F-250 Crew-Cab Conversion

by James Gobble
(Flagstaff AZ)



I have a 1979 Ford f-250 crew-cab with a 351m engine and a four speed manual that I am wanting to convert over to electric. I only drive about 20 to 30 miles every other day. I want to keep the bed free for hauling stuff.


What would be better: to use the transmission, or connect the motor directly to rear axle?

How do I size a motor and battery pack for my truck and usage? What kind of $$$ could I be looking at?

Hi, James!

It's not impossible to convert a very heavy truck to electric, but it'll cost you! Otherwise, you're probably not going to be thrilled with the results.

At 6500 lbs. curb weight, your F-250 is heavier than most electric cars, and it takes a LOT of golf cart batteries - that's what most people use in their EV conversions - to move a truck that size. Recommending LiFePO4 instead; )

Even the biggest AC conversion kit I'm aware of at Electro Automotive is only designed to move a 3500 lb. pickup, which is still pretty substantial.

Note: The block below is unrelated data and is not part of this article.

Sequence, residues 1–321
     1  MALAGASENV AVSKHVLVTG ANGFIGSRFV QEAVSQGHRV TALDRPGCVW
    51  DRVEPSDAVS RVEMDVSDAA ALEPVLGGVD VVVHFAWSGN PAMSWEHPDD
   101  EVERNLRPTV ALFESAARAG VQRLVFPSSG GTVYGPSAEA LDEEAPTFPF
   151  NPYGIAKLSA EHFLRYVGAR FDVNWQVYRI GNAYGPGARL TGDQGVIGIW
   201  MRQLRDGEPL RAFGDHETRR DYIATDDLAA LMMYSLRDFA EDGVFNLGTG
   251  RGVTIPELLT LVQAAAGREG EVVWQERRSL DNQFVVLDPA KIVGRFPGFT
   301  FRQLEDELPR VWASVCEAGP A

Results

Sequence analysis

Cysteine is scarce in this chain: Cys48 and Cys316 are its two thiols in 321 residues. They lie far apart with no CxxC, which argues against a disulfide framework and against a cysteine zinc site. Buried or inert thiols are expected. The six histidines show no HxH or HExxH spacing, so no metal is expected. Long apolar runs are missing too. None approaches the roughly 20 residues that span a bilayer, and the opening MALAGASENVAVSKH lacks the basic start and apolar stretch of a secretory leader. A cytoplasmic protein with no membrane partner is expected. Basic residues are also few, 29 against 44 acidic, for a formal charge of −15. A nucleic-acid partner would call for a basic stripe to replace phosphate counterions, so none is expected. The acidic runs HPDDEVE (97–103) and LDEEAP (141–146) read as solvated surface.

That system is 288-336v, will give a range of about 50 miles, and will be capable of regular freeway speeds. The kit is just under 10K and does not include the cost of the batteries.

That AC kit, Electro Auto says, can be either used with the manual transmission you've already got or in a direct drive configuration. There are good arguments for either choice.

Randy Holmquist up at Canadian Electric Vehicles has been using the AC-50 in his 3-ton airport luggage trucks, but they don't go very fast, like 25 mph.

I guess if it were me, I'd be looking for a lighter donor vehicle.

Regards,
Lynne

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Would it be CRAZY to convert a full size crewcab truck?

by Tommy
(Idaho)

University of Nevada's Big Bus Conversion

University of Nevada's Big Bus Conversion

I want to convert a full size truck! Maybe crazy, huh? Why wouldn't this work? And if it would...what size of motor would it take (AC or DC)?

Hey, Tommy -

If you want something badly enough, you'll find a way to do it.

See, the mammoth in the picture above is a big honking heavy beast, with a 3-phase AC motor and a fat payload of 110 six-volt NiCad batteries.

Send some pictures when you're done; )

Regards,
Lynne


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